The Valley of the Shadow of Death: 3 Things I Wish I Knew When My Husband Was Hooked on Drugs
Christians don’t like to talk about their dark days.
Well, maybe I should just say “people” don’t like to talk about their dark days. There may be more pressure in the Christian community to “have it all together”, but I think it’s the norm for most people to put on a façade of success and happiness. Except for the martyrs…then it’s darkness and despair 24/7!
The thing is, we experience the most growth during difficulty. . .and when others are going through similar circumstances, it can be encouraging to hear from someone who has already been there…and lived to tell about it!
Probably the most traumatic time for me was the three years that my husband was addicted to drugs. It may not have been the most dreadful circumstance I’ve experienced, but I was so completely blindsided by it and I never developed coping skills. It was just three horrific years and then it was over. What I gained from that time was mostly in hindsight.
There are three things I wish I had known back then…maybe they can help someone else.
1. You Can’t Fix Them: Ironically, I only began to understand this when my husband (in recovery) insisted that HE was in charge of his own recovery…not ME. He had been so out of control that I had become obsessed with controlling and fixing him. I took the “two shall become one” a bit too far and lost all perspective on his individual responsibility. Be aware, you will never be able to understand the “why” of anything they do…you can’t figure it out and you can’t change it. You can only change you.
That’s a nice saying, but when you need to know, “what do I do?” and “How do I handle this?”. . .well, move on to #2
2. Get Support: Find people who have walked in your shoes and can encourage you. Avoid anyone who says they have the answers or can solve your problems! I did not get support because I lived in a sea of well intentioned problem solvers. I resented being viewed as a “person with a problem” and could not tolerate another lecture on how to fix my messed up life! Why in the world would I willingly go to a “support” group? I had no use for a gang of angry women pushing their agenda on me. The thing is, none of my well-intentioned-problem-solvers had any comparable experience and were not representative of the kind of support that was available to me.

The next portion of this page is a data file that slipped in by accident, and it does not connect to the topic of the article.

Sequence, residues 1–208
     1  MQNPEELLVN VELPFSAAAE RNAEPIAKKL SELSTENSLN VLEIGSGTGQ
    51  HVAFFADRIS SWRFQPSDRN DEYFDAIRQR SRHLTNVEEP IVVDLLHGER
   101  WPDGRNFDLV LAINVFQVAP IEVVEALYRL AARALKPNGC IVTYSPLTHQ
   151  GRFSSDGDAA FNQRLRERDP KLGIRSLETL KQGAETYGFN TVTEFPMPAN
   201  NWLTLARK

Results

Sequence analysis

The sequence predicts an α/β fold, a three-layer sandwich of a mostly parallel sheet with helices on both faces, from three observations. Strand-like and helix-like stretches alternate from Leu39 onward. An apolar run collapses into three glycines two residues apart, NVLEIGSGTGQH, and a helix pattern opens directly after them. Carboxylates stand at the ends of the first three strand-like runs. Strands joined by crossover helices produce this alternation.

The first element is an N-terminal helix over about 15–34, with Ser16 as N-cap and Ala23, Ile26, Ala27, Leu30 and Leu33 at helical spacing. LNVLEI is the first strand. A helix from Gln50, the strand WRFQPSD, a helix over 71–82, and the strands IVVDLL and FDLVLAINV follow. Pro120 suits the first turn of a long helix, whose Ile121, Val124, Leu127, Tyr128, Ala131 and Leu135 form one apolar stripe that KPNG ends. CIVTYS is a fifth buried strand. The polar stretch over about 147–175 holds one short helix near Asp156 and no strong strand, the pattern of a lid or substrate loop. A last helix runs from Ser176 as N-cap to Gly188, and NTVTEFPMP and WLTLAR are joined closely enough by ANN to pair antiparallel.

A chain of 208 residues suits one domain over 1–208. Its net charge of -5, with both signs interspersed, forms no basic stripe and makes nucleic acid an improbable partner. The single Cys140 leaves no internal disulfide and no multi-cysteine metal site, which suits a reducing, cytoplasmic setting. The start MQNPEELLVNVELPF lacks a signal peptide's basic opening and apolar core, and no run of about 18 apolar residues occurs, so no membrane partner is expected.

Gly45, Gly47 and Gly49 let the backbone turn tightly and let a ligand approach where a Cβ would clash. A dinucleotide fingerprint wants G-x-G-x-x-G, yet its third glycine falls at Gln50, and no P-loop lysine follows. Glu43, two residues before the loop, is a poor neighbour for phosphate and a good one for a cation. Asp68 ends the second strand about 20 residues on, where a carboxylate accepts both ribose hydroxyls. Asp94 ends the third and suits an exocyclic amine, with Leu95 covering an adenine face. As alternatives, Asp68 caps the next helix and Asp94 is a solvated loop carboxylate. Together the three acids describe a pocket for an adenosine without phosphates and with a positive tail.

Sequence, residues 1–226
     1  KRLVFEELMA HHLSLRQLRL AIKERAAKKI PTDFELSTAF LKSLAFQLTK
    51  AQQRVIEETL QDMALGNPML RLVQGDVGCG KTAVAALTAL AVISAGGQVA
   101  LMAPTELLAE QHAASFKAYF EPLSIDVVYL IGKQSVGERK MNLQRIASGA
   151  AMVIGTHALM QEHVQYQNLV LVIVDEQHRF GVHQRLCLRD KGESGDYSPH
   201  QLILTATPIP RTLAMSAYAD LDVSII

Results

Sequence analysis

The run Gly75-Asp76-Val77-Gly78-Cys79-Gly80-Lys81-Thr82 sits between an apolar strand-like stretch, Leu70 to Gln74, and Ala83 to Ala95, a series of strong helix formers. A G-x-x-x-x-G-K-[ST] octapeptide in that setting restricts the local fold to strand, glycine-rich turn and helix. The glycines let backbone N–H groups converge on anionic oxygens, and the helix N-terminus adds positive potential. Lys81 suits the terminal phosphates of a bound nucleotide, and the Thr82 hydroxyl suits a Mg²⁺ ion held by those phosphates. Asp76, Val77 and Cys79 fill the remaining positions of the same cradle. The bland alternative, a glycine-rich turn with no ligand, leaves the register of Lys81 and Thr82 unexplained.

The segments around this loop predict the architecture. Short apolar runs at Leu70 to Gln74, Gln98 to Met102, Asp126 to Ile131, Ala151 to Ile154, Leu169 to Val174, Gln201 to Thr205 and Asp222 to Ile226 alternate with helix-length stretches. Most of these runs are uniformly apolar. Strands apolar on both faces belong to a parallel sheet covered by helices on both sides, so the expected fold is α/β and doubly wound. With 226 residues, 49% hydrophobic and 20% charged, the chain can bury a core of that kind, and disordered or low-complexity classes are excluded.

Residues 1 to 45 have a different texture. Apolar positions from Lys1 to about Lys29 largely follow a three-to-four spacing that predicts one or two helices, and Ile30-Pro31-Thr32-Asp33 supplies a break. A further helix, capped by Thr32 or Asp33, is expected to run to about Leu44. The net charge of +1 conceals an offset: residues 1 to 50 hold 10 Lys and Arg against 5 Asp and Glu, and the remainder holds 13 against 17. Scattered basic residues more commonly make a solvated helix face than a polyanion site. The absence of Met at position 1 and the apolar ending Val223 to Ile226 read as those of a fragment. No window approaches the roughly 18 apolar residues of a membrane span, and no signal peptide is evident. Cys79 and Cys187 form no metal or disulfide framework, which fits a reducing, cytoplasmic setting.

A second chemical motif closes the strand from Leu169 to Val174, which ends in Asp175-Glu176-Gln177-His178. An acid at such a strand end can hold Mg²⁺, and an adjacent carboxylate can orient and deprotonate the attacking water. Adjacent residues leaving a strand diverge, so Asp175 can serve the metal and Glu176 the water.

As I struggled with my husband managing his own recovery, I began to attend an Al-Anon group. To my amazement, there was not a word of advice given, they were not angry, they were not all women, and they did not have an agenda! They simply shared their stories and what they had learned (experience, strength, and hope, as they say). I could relate to their circumstances and found a lot of truth and wisdom that could have been very helpful during the “years of desolation.”
3. Ask For & Accept Help: As a very self-reliant problem solver, this was a foreign concept to me. (Could be why I was surrounded by problems solvers?) I was aware that I was drowning, but was so overwhelmed and inexperienced at seeking help that I didn’t even know what I needed. One friend in particular asked many times what she could do for me . . . I absolutely never knew what to say.
Several years later when my brother’s wife passed away, a wonderful group of friends did NOT offer to help…they just showed up every other day with a meal, once a week to clean his house, every morning to pick up his kids (taking one to school and the others home to play with their own kids so my brother could go to work). He probably could have managed all these things…but he had no experience at running a household, he was grieving and overwhelmed, and these ladies really helped him get through the next few years.
In the best of situations, you would have friends like these. I however, had become very isolated over the three years and had very few friends (just problem solving acquaintances). But if you have any friends or family who would be willing to lend a hand, ask them to babysit, vacuum, help with laundry and cooking, work on your car or do some yard-work. Actually, make a list of the things you do or need to do that someone else could do. When someone offers to help, let them choose! I was capable of accomplishing everything myself, so I didn’t understand why I should ask for help…but it would have taken a bit of the load off me…and reducing stress is very helpful!
Most importantly, in the middle of the darkness, when you can’t see the light at the end of the tunnel, hold on to the truth that God is with you.
“Yea, though I walk through the valley of the shadow of death, I will fear no evil; For You are with me; Your rod and Your staff, they comfort me.” Psalm 23:4